In the mid 1970s, Elaine Maimon, a junior English faculty member at Beaver College, was charged with developing a program to improve student writing. Her dean was concerned, as were many academic leaders, with the Newsweek article "Why Can't Johnny Write?" that criticized American universities for producing students with poor literacy skills. Maimon's response was to contact colleagues around the country who were doing research in composition theory, and in doing so she tapped into the Writing across the Curriculum movement.
Maimon's experience shows how the concern over declining verbal scores on standardized tests and complaints from business and industry were fueling reform in many colleges and universities. The WAC movement, known in England as Language across the Curriculum, sought to make use of the pioneering work being done by theorists such as Jerome Bruner, James Britton, Mina Shaughnessy, and Kenneth Bruffee, who were seeking to revive the importance of writing in the classroom by stressing the cognitive and social aspects of the writing process. Many schools began offering workshops, such as those led by Toby Fulwiler at Michigan Tech, that helped show faculty members how to productively incorporate writing assignments into their courses. At first such programs grew slowly because no one department would fund this activity that stood outside the departmental structure. Soon, however, WAC programs began receiving corporate and government funding because they were responding to the public demand for improved student writing.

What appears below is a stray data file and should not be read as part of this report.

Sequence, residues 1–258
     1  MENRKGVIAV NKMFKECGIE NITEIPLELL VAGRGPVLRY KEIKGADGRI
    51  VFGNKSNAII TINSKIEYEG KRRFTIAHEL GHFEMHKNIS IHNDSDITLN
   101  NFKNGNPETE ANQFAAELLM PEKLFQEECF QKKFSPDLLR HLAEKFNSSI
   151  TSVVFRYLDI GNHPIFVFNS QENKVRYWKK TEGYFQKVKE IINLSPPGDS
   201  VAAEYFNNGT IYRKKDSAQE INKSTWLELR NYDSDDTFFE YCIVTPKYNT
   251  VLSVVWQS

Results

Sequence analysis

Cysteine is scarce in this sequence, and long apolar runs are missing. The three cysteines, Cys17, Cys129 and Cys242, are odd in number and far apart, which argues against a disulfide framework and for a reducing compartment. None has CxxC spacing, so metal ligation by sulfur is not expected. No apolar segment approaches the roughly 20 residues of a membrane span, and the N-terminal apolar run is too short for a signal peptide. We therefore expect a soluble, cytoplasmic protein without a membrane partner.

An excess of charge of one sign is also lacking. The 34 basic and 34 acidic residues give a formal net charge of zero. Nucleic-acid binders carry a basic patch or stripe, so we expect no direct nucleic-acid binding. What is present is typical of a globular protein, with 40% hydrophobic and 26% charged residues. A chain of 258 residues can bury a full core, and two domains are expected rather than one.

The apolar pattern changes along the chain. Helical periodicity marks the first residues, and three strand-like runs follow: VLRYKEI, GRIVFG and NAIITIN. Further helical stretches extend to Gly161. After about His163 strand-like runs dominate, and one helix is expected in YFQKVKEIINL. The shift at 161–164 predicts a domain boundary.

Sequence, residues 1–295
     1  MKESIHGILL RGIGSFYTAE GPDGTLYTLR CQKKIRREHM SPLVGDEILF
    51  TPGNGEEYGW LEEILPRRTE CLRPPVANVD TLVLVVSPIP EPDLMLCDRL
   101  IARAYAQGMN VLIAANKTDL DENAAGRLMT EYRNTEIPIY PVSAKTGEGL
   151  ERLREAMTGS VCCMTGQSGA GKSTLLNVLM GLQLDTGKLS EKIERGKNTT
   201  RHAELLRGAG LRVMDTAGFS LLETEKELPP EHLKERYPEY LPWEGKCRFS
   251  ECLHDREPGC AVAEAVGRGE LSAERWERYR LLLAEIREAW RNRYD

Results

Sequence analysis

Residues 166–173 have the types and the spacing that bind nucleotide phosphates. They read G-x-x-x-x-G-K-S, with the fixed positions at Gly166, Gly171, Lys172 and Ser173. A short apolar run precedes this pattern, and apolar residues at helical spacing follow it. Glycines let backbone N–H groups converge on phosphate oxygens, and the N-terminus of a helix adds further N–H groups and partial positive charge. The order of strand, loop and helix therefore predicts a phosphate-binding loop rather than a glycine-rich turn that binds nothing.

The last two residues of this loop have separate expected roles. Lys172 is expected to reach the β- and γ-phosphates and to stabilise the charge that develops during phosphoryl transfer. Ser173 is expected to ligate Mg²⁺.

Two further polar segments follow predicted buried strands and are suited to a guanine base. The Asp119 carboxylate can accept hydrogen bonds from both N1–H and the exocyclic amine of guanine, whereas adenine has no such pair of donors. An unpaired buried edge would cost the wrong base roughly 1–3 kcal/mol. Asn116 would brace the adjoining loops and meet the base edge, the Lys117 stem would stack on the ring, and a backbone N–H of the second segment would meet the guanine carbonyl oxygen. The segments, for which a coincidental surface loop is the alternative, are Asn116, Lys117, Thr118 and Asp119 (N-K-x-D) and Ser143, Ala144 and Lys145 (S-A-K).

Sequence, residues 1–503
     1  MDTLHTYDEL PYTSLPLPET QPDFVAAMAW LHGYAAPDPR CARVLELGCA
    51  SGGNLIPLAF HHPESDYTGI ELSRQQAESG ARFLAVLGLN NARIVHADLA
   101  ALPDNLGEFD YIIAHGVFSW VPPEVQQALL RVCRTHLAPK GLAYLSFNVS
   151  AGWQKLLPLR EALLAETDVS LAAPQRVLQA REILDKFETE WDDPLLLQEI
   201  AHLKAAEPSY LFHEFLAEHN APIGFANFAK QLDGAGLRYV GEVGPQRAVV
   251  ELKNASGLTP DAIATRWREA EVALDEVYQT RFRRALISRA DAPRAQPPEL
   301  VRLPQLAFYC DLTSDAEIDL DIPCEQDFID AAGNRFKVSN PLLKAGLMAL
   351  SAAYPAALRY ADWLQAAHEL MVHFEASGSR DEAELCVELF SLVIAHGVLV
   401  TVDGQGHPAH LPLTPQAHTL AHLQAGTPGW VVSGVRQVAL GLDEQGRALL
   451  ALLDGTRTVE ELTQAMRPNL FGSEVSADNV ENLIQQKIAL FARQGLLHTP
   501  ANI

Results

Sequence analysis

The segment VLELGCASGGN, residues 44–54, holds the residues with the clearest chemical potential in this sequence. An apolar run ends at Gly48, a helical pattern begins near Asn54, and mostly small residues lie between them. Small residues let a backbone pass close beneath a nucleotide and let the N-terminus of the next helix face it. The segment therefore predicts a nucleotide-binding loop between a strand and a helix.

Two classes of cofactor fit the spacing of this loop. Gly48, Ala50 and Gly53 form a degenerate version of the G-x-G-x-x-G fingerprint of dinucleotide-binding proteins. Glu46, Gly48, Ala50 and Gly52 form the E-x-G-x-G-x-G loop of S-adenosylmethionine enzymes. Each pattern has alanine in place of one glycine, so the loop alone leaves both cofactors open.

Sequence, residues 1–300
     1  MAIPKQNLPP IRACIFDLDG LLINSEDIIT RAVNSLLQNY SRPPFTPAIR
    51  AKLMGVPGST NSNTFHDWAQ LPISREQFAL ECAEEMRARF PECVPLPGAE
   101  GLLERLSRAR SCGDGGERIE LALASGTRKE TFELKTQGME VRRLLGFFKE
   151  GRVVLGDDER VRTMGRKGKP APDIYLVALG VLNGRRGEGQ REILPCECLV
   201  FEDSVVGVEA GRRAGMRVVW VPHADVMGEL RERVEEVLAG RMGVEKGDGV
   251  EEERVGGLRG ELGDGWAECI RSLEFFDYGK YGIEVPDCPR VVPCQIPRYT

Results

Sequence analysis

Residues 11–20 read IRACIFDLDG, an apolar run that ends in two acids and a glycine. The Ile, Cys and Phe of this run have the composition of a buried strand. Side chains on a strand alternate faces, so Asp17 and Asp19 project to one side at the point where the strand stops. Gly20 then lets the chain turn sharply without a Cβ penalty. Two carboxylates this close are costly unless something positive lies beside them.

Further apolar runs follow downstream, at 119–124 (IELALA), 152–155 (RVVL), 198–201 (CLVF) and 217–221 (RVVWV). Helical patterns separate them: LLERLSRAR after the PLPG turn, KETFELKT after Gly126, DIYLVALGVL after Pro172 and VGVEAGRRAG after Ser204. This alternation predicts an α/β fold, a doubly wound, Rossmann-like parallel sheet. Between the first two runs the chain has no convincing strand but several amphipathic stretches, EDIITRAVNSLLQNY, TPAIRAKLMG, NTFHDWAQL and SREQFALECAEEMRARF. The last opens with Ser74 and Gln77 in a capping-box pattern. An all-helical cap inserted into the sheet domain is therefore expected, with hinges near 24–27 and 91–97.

David R. Russell's article "American Origins of the Writing across the Curriculum Movement" offers an excellent overview of how efforts to improve writing have developed and why WAC has been so successful. As WAC programs sprung up in institutions across the country the definition of WAC became more flexible, and this led to varied levels of implementation of the original theories. Some schools carried out curricular reforms and routinely sponsored seminars and retreats for faculty members; other schools simply added more varied essays to their standard composition course reading list. It was this flexibility that allowed the WAC movement to address numerous problems within colleges and universities. For example, faculty members had a means of discussing pedagogical concerns and how they were to approach teaching writing in a society characterized by increasingly specialized discourse. Those outside of English and Communication departments were offered a theoretical base of rhetoric and composition that was not geared exclusively for traditional literary study.
The WAC movement at NIU had its origins in a joint effort between the English department and the Provost's office to obtain state funding for the campus writing center in 1989/'90. The funds went to increase the staff and enhance the presence of the writing center on campus and to hire a full-time faculty member to organize and staff the writing center. A primary goal for this faculty member, one that relates directly to the work WAC consultants perform, was to promote the teaching of writing across the curriculum, to create a network of faculty members across campus who were interested in actively assisting to improve student writing in all the disciplines, and to provide workshops and other forms of assistance to the faculty in achieving this end. Today, this network continues to grow. The WAC program has a solid foundation in the University Writing Center, located in Stevenson South, Lower Level, which carries on the daily work of supporting students in their cross-curricular writing tasks.
Original text by Graham Tillotson, Writing Consultant
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